Kansas Jayhawks forward Perry Ellis (34) gets a shot off against Maryland forward Jake Layman (10) during the second half, Thursday, March 24, 2016 at KFC Yum! Center in Louisville, Kentucky.

Kansas Jayhawks forward Perry Ellis (34) gets a shot off against Maryland forward Jake Layman (10) during the second half, Thursday, March 24, 2016 at KFC Yum! Center in Louisville, Kentucky. by Nick Krug

As Ellis bounces around from city to city on his job interview tour, he hopes to prove himself as a high-character player who will compete “as hard as he can” on each possession, and do a lot of things on the court.

His college coach, Bill Self, said he spoke with Ellis, Wayne Selden Jr. and Cheick Diallo early this week to catch up on their pre-draft progress.

“Perry says everything’s going good,” Self shared. “Of course, you know guys all think they’re doing well. If you’re a baseball guy and strike out three times in a game, you ask him how he played, ‘Hey, I had a great game.’ So that’s how guys always are.”

“I do think Brannen (Greene) and Cheick and Perry and Wayne have all had good tryouts for the most part,” Self added. “I’ve got word back from several teams that they like all of them.”

None by Phoenix Suns

Whatever happens at the NBA Draft on June 23, in Brooklyn, N.Y., Ellis will join some team as early as this summer on the momentum of a successful college career, which should be an attractive selling point for his future employer. You know what kind of person and offensive player you’re getting with Ellis.

“Playing four years at Kansas,” he said, “I gained so much confidence, learned so much as a player under Coach Self, so I feel like it benefited me a lot.”

Toronto seems like a nice potential fit for Ellis. The Raptors don’t currently own a second-round pick in this year’s draft, but those tend to be easily acquired on draft night, should they choose to snag Ellis late in the game.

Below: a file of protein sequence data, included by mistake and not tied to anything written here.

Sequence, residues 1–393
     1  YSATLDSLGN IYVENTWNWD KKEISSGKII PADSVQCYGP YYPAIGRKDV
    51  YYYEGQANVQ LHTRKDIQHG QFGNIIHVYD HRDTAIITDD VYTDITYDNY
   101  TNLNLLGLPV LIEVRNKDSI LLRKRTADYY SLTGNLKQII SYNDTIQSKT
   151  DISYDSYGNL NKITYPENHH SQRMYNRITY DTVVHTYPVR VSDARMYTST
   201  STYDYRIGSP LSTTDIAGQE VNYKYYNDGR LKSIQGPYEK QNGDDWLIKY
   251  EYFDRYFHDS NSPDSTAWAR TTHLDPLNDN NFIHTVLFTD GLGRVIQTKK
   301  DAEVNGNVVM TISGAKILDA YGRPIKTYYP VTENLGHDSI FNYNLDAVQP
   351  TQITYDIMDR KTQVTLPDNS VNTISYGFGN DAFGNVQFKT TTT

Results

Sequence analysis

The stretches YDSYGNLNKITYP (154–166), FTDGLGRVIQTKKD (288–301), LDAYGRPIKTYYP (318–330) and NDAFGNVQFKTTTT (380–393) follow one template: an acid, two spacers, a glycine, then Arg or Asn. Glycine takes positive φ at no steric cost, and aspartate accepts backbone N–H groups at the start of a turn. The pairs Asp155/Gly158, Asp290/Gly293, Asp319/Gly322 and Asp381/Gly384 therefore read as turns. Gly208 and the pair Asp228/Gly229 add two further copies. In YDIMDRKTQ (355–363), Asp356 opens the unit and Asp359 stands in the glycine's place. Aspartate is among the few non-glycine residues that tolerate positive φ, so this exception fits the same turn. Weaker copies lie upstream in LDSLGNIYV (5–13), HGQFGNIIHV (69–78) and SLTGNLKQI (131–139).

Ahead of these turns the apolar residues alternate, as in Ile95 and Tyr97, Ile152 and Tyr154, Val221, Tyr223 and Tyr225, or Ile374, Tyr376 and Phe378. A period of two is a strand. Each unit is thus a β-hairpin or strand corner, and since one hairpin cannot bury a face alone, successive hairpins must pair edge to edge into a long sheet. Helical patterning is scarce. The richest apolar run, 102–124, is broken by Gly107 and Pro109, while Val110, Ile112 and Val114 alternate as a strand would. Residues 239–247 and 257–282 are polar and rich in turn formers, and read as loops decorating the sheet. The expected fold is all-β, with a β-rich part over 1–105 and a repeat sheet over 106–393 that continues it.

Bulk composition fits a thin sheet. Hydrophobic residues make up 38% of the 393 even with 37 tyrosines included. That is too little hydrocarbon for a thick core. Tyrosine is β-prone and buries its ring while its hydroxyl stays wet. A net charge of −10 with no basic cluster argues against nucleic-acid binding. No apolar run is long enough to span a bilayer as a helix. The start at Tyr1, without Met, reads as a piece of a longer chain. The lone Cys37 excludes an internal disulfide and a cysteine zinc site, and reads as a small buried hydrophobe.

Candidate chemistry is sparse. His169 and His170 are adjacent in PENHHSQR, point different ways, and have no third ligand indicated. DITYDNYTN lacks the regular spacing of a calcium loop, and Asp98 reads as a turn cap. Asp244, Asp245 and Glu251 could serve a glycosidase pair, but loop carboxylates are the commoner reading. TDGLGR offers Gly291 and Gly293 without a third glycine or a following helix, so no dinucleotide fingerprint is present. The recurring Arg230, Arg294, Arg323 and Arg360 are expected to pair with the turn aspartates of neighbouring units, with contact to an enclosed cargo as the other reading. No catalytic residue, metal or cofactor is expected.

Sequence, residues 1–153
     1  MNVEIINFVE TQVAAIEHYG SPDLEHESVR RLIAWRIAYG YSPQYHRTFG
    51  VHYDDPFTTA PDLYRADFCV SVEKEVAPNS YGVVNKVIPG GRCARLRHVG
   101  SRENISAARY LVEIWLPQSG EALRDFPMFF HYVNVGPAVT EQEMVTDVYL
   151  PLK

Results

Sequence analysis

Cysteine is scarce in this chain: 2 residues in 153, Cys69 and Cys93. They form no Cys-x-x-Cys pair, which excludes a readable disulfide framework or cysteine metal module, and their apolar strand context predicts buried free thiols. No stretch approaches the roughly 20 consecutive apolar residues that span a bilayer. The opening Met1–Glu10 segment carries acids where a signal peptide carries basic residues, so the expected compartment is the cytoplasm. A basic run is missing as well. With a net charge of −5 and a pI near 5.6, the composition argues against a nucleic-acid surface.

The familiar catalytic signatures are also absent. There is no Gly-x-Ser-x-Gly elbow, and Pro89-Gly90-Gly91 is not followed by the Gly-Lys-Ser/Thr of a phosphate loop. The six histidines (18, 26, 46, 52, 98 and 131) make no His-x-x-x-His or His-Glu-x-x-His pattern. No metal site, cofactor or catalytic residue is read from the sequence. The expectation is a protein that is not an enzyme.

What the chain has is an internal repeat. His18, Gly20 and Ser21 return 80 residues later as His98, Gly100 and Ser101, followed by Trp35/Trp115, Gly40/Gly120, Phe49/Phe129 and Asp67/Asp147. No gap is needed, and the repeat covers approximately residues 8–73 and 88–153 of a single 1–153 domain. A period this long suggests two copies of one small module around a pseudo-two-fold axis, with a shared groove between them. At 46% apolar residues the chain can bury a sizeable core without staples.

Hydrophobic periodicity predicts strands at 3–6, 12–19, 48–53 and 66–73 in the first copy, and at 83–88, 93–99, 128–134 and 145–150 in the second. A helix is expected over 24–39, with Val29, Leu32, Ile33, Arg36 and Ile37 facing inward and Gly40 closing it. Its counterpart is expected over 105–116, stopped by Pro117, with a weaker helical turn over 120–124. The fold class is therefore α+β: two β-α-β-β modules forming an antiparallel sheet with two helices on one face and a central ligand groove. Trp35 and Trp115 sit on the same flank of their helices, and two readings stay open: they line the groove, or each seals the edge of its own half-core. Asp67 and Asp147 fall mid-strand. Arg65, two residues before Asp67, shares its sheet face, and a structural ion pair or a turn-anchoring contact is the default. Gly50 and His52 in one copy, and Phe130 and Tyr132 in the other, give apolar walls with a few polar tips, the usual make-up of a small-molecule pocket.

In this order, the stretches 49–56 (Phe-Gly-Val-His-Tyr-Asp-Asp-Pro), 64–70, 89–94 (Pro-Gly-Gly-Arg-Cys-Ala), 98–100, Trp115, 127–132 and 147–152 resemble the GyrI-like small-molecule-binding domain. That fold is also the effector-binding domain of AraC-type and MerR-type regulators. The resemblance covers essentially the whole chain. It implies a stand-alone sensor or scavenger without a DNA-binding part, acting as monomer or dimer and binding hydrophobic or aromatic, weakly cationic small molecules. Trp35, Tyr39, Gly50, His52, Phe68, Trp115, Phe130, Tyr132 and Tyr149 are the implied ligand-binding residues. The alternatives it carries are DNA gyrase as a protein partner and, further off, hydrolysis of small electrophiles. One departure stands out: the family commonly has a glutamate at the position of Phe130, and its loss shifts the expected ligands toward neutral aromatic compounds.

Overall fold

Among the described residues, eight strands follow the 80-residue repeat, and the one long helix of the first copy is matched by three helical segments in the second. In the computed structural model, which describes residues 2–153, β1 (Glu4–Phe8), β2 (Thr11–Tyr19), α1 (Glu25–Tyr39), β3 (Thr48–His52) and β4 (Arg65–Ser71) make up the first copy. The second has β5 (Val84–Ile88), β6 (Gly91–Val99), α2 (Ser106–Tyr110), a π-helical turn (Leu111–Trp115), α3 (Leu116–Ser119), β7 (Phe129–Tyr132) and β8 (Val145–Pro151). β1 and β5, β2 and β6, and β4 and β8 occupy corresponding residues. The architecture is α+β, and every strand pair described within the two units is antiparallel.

The Raptors, for all their success this year, could always use some more scoring. Once you get past guards Kyle Lowry and DeMar DeRozan, and some points inside from Jonas Valanciunas, Toronto doesn’t have many easy ways to get points.

One could envision Ellis coming in off the bench for some scoring punch on that roster. Even if he isn’t a true 4 or 3, you know he is quick enough to get by larger defenders and post up smaller guys when mismatches occur.

And wouldn’t a carved-out scoring role for a contender be a lot more fun than getting more shots for a bad team? We’ll see if Ellis turns out so lucky.

Comments

Suzi Marshall 5 years, 11 months ago

Mario Chalmers is an example of a guy that was a lower pick but went to a highly ranked team. Getting drafted by Miami was part 2 of Mario's Miracles in '08.

Jay Scott 5 years, 11 months ago

I'm not sure that Chalmers was the first lower rated player to go to a winning team...... Thats kinda how the draft is structured.

John Randall 5 years, 11 months ago

Surprising you two know-it-alls don't realize that Chalmers was the #1 pick – in the second round, which was #31 overall.

Also, no guaranteed 3yr contract – free agency after rookie season.